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The Cambridge Companion to Ancient Rome

$40.99 (P)

Part of Cambridge Companions to the Ancient World

Paul Erdkamp, Alexandre Grandazzi, Neville Morley, Walter Scheidel, Elisabeth Herrmann-Otto, Claudia Moatti, Beryl Rawson, Michael MacKinnon, Elisha Dumser, Glenn R. Storey, J. Bert Lott, Roy D. Miller, Robert Witcher, Steven L. Tuck, Ray Laurence, Shawn Graham, Christer Bruun, Wim Broekaert, Arjan Zuiderhoek, Cameron Hawkins, Jinyu Liu, A. J. McGinn, Adam Ziolkowski, Benjamin Kelly, Gregory S. Aldrete, Nicholas Purcell, Andreas Bendlin, Michele R. Salzman, Leonard V. Rutgers, A. D. Lee, Catharine Edwards, Ingrid Rowland
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  • Date Published: September 2013
  • availability: Available
  • format: Paperback
  • isbn: 9780521720786

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About the Authors
  • The Cambridge Companion to Ancient Rome offers thirty-one original essays by leading historians, classicists and archaeologist on the largest metropolis of the Roman Empire. While the Colosseum, imperial palaces and Pantheon are famous features of the Roman capital, Rome is addressed in this volume primarily as a city in which many thousands of men and women were born, lived, and died. The clearly written and succinct chapters discuss numerous issues related to the capital of the Roman Empire: from the monuments and the games to the food- and water supply, from policing and riots to domestic housing, from death and disease to pagan cults and the impact of Christianity. Richly illustrated and designed as a readable survey accessible to all audiences, the Companion explains ground-breaking new research against the background of current debate and reaches a level of sophistication that will be appreciated by the experts.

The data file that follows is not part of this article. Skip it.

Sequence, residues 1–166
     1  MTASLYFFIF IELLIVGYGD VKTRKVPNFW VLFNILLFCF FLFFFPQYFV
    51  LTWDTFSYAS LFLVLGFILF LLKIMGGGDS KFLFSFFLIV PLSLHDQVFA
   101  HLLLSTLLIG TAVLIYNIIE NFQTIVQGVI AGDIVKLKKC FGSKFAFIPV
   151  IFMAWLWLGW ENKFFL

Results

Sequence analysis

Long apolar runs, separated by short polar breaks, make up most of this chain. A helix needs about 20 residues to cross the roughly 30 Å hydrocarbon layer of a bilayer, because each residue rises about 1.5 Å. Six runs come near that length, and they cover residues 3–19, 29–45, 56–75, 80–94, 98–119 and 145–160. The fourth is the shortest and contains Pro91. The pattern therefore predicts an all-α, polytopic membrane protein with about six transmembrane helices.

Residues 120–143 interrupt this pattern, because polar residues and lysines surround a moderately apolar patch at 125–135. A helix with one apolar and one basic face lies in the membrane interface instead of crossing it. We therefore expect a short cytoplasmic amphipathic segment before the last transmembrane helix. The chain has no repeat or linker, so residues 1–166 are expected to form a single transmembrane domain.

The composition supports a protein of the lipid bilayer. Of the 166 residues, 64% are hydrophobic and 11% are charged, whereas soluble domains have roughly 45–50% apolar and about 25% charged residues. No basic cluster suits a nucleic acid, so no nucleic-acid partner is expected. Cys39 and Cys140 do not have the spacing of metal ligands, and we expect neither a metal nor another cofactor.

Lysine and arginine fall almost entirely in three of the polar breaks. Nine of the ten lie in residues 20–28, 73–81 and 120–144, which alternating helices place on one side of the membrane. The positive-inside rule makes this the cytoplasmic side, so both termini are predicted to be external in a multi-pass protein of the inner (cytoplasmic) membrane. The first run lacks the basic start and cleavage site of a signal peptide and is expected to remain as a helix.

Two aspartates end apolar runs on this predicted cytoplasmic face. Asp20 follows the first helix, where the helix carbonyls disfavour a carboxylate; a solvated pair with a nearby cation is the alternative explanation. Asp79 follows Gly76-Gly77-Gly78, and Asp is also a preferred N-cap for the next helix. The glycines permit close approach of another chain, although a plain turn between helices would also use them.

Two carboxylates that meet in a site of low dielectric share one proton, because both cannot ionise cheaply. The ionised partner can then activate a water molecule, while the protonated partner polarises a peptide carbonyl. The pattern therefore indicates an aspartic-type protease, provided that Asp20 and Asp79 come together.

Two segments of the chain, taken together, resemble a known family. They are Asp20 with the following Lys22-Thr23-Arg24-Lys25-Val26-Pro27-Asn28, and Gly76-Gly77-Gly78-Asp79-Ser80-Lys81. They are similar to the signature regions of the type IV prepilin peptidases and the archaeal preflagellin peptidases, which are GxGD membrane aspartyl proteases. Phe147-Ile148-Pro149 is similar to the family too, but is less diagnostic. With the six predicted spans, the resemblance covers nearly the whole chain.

• Explores in great detail what life was actually like for the hundreds of thousands of ordinary inhabitants of ancient Rome
    • Thirty-one newly commissioned chapters by leading historians, classicists and archaeologists from around the world
    • Suitable for undergraduates taking courses on the city of Rome and also for non-specialists
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    Product details

    • Date Published: September 2013
    • format: Paperback
    • isbn: 9780521720786
    • length: 646 pages
    • dimensions: 226 x 152 x 30 mm
    • weight: 1.02kg
    • contains: 39 b/w illus. 10 maps
    • availability: Available
  • Table of Contents

    Introduction Paul Erdkamp
    1. The emergence of the city Alexandre Grandazzi
    Part I. Inhabitants:
    2. Population size and social structure Neville Morley
    3. Disease and death Walter Scheidel
    4. Slaves and freedmen Elisabeth Herrmann-Otto
    5. Immigration and cosmopolitanization Claudia Moatti
    6. Marriages, families, households Beryl Rawson
    7. Pack-animals, pets, pests, and other non-human beings Michael MacKinnon
    Part II. The Urban Fabric: